Lake Forest Park Couple Shows How Gorgeous Slow, DIY Remodels Can Be

Mid-century modern meets Japanese design in this open-plan kitchen and dining space.

By Nia Martin

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July 21, 2017

This article originally appeared in the July 2017 issue of Seattle Magazine.

“My husband builds and I design!” laughs Audrey McGill. She’s referring to their 1958 Lake Forest Park home, which was designed by John Burrows, a popular local contractor at the time who was influenced by modernist architects. Since moving here from Virginia in 2014, the McGills—Audrey, Kevin, and children Aidan and Evan—have been slowly transforming the home’s interior, taking a budget-friendly, DIY approach. The couple (Audrey is a freelance writer, and Kevin is a senior network security engineer with Holland America) renovated and redesigned the connected kitchen and dining room to highlight the mid-century modern details and incorporate their love of Japanese design. 

To open up the small U-shaped kitchen while retaining the home’s mid-century aesthetic, they removed cabinetry and replaced it with open shelving, including marble shelves from CB2. They covered the lower half of the walls with white and gray marble hexagon tile, installing it themselves. 

“I like to tie in similar shapes when I design,” says Audrey, who discovered a Jonathan Adler milk glass pendant lamp, which hangs above the sink and echoes the silhouettes of bottles collected from thrift shops that are scattered throughout the space. The McGills painted the upper half of the walls black to mimic the Japanese style of shou sugi ban, a technique of charring wood for preservation. The aesthetic is carried through to a dining room wall, which also displays a large shibori print (a dyeing technique that produces patterns), a chance thrift store find.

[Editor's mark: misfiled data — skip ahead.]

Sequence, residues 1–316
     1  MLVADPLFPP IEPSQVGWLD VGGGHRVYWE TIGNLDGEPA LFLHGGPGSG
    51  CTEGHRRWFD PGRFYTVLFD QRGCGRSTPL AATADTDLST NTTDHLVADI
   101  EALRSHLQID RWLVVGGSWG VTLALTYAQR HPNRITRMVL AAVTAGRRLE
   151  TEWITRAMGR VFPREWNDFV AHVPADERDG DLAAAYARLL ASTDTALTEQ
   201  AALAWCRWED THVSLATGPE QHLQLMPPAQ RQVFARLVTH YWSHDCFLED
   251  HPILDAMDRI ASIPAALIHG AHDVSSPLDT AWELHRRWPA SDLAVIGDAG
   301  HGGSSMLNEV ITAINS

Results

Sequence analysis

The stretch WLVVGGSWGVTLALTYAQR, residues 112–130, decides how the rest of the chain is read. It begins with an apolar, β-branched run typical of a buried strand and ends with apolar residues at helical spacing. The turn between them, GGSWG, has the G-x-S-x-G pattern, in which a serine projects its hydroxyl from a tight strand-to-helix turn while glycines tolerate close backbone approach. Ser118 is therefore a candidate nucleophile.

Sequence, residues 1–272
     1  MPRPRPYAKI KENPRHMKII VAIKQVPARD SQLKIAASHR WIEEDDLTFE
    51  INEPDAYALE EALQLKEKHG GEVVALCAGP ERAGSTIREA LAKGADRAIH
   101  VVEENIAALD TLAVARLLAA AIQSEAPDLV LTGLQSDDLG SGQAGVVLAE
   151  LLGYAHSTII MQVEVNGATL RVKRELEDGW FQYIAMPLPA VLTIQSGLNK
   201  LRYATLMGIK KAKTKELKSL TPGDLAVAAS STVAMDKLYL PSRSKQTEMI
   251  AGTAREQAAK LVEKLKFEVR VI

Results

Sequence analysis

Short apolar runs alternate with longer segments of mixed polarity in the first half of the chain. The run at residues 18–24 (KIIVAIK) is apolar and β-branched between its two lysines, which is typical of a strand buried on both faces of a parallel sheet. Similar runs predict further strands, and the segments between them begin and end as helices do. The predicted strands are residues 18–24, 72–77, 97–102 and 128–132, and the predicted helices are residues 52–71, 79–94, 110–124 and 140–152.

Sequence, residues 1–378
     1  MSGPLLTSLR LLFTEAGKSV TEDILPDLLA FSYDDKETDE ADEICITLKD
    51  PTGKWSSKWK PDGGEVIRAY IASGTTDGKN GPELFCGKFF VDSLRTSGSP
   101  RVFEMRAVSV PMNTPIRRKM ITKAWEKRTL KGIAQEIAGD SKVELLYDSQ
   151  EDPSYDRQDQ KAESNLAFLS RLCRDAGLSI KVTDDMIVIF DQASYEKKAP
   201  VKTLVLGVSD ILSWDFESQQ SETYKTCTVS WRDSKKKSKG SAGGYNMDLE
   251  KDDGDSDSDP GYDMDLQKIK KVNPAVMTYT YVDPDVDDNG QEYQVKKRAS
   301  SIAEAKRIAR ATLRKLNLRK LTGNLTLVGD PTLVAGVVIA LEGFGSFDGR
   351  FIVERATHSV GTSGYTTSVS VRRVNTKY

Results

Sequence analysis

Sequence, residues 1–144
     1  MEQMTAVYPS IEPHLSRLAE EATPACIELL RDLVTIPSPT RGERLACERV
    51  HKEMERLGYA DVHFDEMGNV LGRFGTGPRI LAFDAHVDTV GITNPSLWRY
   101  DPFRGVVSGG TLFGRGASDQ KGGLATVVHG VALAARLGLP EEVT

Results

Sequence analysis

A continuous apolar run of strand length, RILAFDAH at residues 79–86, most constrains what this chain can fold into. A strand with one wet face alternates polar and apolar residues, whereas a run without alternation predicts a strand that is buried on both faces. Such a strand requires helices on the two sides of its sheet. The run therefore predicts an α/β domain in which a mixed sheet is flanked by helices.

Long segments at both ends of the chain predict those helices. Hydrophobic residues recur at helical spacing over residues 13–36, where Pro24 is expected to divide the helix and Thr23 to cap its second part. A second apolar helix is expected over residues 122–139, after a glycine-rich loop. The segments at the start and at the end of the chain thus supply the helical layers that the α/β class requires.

Photographs by Alex Crook. A bar cart, ready for entertaining, sits between the dining room and kitchen; the couple installed hexagon tiling in the kitchen themselves; though the McGills have yet to use it, John Burrows’ original design included this brick grill—located in the dining room.

Linking the dining and kitchen spaces is a bar cart from Target, which contains the tools and supplies for making Audrey’s favorite cocktail, a Cosmopolitan. A bonsai tree (the art has been a passion of Kevin’s since he was a teenager) sits by a window of the dining room, a space that receives additional light from a skylight above the dining room table. One of the unique features of the dining room is the fully functional indoor grill, original to Burrows’ design. It shares the same flue as the living room fireplace on the other side of a painted white brick wall. The McGills have yet to barbecue inside, but the idiosyncratic detail is a conversation starter among dinner guests.

Although there’s still work to be done on the home—the McGills plan to tackle a bathroom next—their space is beginning to feel more like their own. “When you move into someone else’s design decisions, it doesn’t feel like your space, even if it’s nice,” says Audrey. “It’s great to put our own personal stamp, and now I can really relax.” 

 

The redesign corrected inefficient layouts and awkward connections to the home’s decks.

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